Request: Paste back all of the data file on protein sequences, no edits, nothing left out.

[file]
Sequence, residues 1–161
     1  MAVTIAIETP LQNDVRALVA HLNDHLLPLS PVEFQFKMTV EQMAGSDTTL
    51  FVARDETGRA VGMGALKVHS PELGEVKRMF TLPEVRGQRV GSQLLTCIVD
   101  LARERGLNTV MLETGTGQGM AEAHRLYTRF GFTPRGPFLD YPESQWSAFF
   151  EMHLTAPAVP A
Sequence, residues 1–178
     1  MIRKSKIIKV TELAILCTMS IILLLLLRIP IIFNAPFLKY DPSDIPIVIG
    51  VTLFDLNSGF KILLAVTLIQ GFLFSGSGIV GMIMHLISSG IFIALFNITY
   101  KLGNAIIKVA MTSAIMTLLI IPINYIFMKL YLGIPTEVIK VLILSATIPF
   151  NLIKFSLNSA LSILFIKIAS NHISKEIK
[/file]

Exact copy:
Sequence, residues 1–161
     1  MAVTIAIETP LQNDVRALVA HLNDHLLPLS PVEFQFKMTV EQMAGSDTTL
    51  FVARDETGRA VGMGALKVHS PELGEVKRMF TLPEVRGQRV GSQLLTCIVD
   101  LARERGLNTV MLETGTGQGM AEAHRLYTRF GFTPRGPFLD YPESQWSAFF
   151  EMHLTAPAVP A
Sequence, residues 1–178
     1  MIRKSKIIKV TELAILCTMS IILLLLLRIP IIFNAPFLKY DPSDIPIVIG
    51  VTLFDLNSGF KILLAVTLIQ GFLFSGSGIV GMIMHLISSG IFIALFNITY
   101  KLGNAIIKVA MTSAIMTLLI IPINYIFMKL YLGIPTEVIK VLILSATIPF
   151  NLIKFSLNSA LSILFIKIAS NHISKEIK